If there is one email that I receive more often than any other, it’s one that asks, “Can you please tell me how to sell more books?” – and it’s a really difficult question to answer. Being successful as a self-published author is not easy. With over two million books on Amazon, it’s hugely difficult to get noticed, and I appreciate that I am one of the lucky ones that has – until now at least – been fortunate enough to sell a lot of books. According to the Daily Telegraph, I am the top-selling self-published author in 2014 to date on Amazon UK, which is a huge honour against some very fierce competition. But it wasn’t easy. I worked long hours, ate lots of biscuits, put on a ton of weight – all to try to get my first book noticed.

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SLEEP TIGHT – a story of obsession, deception and retribution

PRESS RELEASE – SLEEP TIGHT LAUNCHED TODAY Available for Kindle and in paperback from Amazon worldwide Rachel Abbott, self-published author of best-selling thrillers “Only the Innocent” and “The Back Road”, was inspired by some of her own experiences when writing her new novel, Sleep Tight, published on Monday 24th February. Sleep Tight is the story of an obsession that escalates from persistent stalking to something far more sinister – a powerful compulsion to possess. When the object of such potent emotions is slipping out of reach, tensions mount and control is lost. When Olivia Brookes disappears with her children, her car is still in the garage, and her purse on the kitchen table. The police want to issue an appeal, but for some reason every single picture of this family has been removed from albums, from phones, from computers. When asked about the subject of this novel, Abbott said, ‘Being stalked is a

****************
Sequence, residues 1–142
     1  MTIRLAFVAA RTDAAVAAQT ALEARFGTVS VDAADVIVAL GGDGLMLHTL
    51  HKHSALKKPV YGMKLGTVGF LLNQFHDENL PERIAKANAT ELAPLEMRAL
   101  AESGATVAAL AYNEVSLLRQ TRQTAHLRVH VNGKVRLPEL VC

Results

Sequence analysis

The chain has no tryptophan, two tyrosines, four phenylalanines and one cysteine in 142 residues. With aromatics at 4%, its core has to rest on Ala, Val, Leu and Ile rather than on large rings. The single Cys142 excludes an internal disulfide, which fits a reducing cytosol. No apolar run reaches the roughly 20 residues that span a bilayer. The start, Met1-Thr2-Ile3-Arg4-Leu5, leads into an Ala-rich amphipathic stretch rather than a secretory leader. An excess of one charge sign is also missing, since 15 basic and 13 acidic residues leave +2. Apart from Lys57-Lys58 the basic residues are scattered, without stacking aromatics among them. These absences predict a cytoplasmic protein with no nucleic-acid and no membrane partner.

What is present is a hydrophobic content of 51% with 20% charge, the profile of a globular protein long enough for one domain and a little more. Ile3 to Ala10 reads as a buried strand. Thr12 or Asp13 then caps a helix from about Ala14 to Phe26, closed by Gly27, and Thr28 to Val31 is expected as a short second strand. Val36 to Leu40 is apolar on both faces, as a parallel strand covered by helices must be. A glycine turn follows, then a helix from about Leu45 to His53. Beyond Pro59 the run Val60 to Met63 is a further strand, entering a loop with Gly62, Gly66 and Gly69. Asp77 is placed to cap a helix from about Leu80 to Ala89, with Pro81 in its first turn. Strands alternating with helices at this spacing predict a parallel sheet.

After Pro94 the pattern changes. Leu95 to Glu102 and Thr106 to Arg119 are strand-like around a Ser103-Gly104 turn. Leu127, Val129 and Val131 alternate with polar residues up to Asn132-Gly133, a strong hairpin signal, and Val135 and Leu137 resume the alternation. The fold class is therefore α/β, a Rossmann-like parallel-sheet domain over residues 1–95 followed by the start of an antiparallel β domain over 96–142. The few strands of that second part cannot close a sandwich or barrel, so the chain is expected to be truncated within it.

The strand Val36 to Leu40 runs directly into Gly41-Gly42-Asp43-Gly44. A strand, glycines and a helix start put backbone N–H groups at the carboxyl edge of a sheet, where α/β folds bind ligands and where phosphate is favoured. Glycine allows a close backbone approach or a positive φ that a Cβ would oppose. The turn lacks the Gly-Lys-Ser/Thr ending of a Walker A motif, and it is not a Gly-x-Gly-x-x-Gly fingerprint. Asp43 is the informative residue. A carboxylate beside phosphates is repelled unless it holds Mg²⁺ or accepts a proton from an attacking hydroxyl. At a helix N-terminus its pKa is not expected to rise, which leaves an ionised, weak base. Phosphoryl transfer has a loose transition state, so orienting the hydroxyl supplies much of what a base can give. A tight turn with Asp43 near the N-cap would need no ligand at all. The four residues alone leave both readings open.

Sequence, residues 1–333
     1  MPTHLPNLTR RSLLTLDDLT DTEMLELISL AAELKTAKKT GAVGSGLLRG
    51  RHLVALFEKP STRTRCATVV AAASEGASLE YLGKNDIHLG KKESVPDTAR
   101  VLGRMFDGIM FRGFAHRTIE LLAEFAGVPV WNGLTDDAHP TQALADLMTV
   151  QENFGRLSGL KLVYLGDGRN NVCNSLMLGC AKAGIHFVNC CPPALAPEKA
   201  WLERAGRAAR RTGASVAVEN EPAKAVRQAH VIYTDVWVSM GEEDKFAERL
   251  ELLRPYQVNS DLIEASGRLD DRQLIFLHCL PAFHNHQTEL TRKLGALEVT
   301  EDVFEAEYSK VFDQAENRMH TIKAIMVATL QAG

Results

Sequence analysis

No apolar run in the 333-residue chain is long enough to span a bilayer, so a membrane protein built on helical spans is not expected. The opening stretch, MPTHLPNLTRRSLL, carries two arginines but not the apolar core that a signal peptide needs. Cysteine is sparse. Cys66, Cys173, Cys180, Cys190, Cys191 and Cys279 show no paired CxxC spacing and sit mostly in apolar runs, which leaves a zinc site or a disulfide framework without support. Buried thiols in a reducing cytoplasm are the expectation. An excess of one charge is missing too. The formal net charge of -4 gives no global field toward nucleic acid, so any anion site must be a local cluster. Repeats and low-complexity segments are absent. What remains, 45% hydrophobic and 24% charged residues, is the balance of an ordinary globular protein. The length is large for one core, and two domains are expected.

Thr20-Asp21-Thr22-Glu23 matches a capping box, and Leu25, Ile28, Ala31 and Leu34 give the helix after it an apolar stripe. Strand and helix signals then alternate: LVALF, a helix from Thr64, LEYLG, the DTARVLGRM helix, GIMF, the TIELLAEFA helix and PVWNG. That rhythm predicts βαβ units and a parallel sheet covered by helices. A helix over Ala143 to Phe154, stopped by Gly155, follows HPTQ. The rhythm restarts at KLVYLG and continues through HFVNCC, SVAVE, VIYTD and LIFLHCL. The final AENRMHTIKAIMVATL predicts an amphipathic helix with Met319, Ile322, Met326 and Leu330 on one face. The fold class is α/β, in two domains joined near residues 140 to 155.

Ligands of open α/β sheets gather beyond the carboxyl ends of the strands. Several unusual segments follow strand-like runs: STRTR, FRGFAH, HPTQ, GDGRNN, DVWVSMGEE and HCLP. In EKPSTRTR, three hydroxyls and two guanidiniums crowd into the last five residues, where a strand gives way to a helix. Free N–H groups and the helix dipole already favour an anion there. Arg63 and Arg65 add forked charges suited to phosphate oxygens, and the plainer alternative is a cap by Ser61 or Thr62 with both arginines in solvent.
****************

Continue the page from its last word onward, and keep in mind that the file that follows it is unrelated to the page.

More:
Defining a winning strategy – update

A few weeks ago I wrote a blog post about defining a winning strategy. I laid out my ideas, and explained my thinking about pricing. I decided that today it was time for an update. (You can find the original post HERE if you haven’t read it.) Some of you eagle eyed readers may have noticed that – contrary to my last post – from 1st May the price of Only the Innocent and The Back Road both dropped to £0.99. You can check them both out by clicking the title links, but I thought I should explain what has happened. This is an intrinsic part of my strategy, and not a change of heart! I have to admit that after my last post, the temptation to drop the price of The Back Road to 99p did prove quite hard to resist, once I’d realised that only books that were

Do video book trailers work, and how do you make one?